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Inside Risks: The Uses and Abuses of Biometrics

By Bruce Schneier

Communications of the ACM, Vol. 42 No. 8, Page 136
10.1145/310930.310988


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Biometrics are seductive. Your voiceprint unlocks the door of your house. Your iris scan lets you into the corporate offices. You are your own key. Unfortunately, the reality isn't that simple.

Biometrics are the oldest form of identification. Dogs have distinctive barks. Cats spray. Humans recognize faces. On the telephone, your voice identifies you. Your signature identifies you as the person who signed a contract.

In order to be useful, biometrics must be stored in a database. Alice's voice biometric works only if you recognize her voice; it won't help if she is a stranger. You can verify a signature only if you recognize it. To solve this problem, banks keep signature cards. Alice signs her name on a card when she opens the account, and the bank can verify Alice's signature against the stored signature to ensure that the check was signed by Alice.

There is a variety of different biometrics. In addition to the those mentioned, there are hand geometry, fingerprints, iris scans, DNA, typing patterns, signature geometry (not just the look of the signature, but the pen pressure, signature speed, and so forth). The technologies are different, some are more reliable, and they'll all improve with time.

Biometrics are hard to forge: it's hard to put a false fingerprint on your finger, or make your iris look like someone else's. Some people can mimic others' voices, and Hollywood can make people's faces look like someone else, but these are specialized or expensive skills. When you see people sign their name, you generally know it is them.

On the other hand, some biometrics are easy to steal. Imagine a remote system that uses face recognition as a biometric. "In order to gain authorization, take a Polaroid picture of yourself and mail it in. We'll compare the picture with the one we have in file." What are the possible attacks here?

Take a Polaroid picture of Alice when she's not looking. Then, at some later date, mail it in and fool the system. The attack works because while it is hard to make your face look like Alice's, it's easy to get a picture of Alice's face. And since the system does not verify when and where the picture was takenonly that it matches the picture of Alice's face in the fileit can be fooled.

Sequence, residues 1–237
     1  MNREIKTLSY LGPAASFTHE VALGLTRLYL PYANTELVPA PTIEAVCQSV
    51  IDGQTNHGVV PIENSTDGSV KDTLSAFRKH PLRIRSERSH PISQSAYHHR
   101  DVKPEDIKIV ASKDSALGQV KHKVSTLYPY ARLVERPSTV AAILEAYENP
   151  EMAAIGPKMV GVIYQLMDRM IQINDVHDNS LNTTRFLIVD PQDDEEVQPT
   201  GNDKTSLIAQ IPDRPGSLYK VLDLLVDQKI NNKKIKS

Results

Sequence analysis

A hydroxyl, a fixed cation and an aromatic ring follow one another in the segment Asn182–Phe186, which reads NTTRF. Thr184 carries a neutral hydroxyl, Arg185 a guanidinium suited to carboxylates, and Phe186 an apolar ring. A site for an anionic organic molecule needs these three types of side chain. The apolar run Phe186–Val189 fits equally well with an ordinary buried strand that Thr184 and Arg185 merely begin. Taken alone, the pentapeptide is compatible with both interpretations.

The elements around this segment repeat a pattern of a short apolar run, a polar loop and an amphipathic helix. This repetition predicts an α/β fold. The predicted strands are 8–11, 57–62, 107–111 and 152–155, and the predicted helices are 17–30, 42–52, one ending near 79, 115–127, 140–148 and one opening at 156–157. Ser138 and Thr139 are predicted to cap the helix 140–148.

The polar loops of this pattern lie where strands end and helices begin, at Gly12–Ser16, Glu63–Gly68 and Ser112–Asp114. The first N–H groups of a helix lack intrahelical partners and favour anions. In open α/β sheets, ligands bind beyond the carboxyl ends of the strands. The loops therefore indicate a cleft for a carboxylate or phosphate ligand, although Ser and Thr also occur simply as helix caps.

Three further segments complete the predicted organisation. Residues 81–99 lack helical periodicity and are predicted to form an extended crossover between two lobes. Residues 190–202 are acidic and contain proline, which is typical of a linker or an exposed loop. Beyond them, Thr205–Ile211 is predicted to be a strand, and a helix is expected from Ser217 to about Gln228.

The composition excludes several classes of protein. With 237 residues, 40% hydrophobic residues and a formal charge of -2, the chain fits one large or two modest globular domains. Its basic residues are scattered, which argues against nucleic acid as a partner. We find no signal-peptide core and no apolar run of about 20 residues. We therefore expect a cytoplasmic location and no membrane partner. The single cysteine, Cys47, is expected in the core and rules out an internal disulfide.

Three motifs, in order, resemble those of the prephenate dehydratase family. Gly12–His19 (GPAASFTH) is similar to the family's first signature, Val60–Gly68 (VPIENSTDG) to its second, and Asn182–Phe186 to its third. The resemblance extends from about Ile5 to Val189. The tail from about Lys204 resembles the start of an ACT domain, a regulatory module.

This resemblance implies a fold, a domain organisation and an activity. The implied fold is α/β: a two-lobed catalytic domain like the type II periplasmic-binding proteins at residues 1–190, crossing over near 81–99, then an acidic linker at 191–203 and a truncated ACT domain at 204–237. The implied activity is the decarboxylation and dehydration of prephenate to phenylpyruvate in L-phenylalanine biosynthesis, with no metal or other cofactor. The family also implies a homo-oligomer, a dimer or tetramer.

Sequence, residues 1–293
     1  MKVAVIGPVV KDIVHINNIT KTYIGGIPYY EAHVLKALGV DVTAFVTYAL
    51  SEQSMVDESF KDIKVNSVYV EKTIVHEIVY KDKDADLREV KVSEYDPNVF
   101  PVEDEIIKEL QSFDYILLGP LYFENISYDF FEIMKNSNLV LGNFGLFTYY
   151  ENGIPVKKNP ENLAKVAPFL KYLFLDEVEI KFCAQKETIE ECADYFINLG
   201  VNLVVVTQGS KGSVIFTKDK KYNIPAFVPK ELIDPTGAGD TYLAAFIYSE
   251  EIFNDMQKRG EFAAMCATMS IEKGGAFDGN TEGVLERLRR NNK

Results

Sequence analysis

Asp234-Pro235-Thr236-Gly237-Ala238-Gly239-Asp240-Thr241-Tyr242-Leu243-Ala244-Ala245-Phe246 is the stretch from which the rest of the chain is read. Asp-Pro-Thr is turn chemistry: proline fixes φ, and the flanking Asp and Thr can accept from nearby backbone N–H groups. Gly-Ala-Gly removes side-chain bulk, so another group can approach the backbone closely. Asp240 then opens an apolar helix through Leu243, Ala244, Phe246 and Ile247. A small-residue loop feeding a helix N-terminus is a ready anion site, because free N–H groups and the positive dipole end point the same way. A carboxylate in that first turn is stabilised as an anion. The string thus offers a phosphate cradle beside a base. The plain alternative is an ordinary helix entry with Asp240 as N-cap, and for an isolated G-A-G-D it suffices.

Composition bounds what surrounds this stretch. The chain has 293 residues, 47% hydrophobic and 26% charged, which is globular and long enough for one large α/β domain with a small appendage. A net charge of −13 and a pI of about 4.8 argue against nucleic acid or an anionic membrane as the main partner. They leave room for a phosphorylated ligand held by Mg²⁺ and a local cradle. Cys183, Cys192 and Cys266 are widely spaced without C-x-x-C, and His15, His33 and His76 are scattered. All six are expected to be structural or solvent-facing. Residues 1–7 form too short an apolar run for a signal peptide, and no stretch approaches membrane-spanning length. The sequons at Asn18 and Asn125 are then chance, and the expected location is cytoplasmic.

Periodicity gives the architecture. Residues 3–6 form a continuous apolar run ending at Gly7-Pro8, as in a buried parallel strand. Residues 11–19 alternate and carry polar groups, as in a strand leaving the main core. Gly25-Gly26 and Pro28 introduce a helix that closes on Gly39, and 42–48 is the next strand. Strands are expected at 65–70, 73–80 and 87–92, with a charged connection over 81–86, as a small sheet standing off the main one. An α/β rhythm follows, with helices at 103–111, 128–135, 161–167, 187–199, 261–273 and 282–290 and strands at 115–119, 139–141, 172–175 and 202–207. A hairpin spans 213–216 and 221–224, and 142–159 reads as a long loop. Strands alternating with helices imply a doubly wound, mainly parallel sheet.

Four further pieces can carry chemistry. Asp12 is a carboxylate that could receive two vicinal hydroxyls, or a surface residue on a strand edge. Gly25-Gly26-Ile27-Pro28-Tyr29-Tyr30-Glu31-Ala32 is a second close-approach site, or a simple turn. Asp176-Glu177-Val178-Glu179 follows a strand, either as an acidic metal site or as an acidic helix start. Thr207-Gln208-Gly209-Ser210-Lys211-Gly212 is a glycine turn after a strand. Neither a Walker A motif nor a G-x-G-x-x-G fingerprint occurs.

A keyboard fingerprint reader can be similar. If the verification takes place across a network, the system may be unsecure. An attacker won't try to forge Alice's real thumb, but will instead try to inject her digital thumbprint into the communications.

The moral here is that biometrics work well only if the verifier can verify two things: one, that the biometric came from the person at the time of verification, and two, that the biometric matches the master biometric on file. If the system can't do that, it can't work. Biometrics are unique identifiers, but they are not secrets. You leave your fingerprints on everything you touch, and your iris patterns can be observed anywhere you look.

Biometrics also don't handle failure well. Imagine that Alice is using her thumbprint as a biometric, and someone steals the digital file. Now what? This isn't a digital certificate, where some trusted third party can issue her another one. This is her thumb. She has only two. Once someone steals your biometric, it remains stolen for life; there's no getting back to a secure situation.

And biometrics are necessarily common across different functions. Just as you should never use the same password on two different systems, the same encryption key should not be used for two different applications. If my fingerprint is used to start my car, unlock my medical records, and read my email, then it's not hard to imagine some very unsecure situations arising.

Biometrics are powerful and useful, but they are not keys. They are not useful when you need the characteristics of a key: secrecy, randomness, the ability to update or destroy. They are useful as a replacement for a PIN, or a replacement for a signature (which is also a biometric). They can sometimes be used as passwords: users can't choose a weak biometric in the same way they choose a weak password.

Biometrics are useful in situations where the connection from the reader to the verifier is secure: a biometric unlocks a key stored locally on a PCMCIA card, or unlocks a key used to secure a hard drive. In those cases, all one really needs is a unique hard-to-forge identifier. But always keep in mind that biometrics are not secrets.

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Author

Bruce Schneier ([email protected]) is president of Counterpane Systems. You can subscribe to his free security newsletter, CRYPTO-GRAM, at www.counterpane.com.


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